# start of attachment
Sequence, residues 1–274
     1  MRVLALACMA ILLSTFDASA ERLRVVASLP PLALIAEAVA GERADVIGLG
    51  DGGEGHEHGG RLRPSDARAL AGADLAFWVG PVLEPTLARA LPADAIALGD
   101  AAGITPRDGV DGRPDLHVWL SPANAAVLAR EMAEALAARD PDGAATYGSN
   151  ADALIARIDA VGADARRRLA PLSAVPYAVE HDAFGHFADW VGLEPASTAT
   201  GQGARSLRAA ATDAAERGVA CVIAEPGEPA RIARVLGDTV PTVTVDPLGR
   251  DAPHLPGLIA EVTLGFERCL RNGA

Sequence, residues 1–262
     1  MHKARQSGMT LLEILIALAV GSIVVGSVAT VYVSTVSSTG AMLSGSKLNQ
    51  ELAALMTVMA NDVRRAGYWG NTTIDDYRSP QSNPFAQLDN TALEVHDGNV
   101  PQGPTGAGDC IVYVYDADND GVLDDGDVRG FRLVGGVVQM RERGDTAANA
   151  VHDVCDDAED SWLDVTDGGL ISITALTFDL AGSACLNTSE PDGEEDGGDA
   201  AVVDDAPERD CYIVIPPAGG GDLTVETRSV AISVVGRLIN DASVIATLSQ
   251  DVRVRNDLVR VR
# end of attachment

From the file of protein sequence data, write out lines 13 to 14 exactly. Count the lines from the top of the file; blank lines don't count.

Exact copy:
   201  AVVDDAPERD CYIVIPPAGG GDLTVETRSV AISVVGRLIN DASVIATLSQ
   251  DVRVRNDLVR VR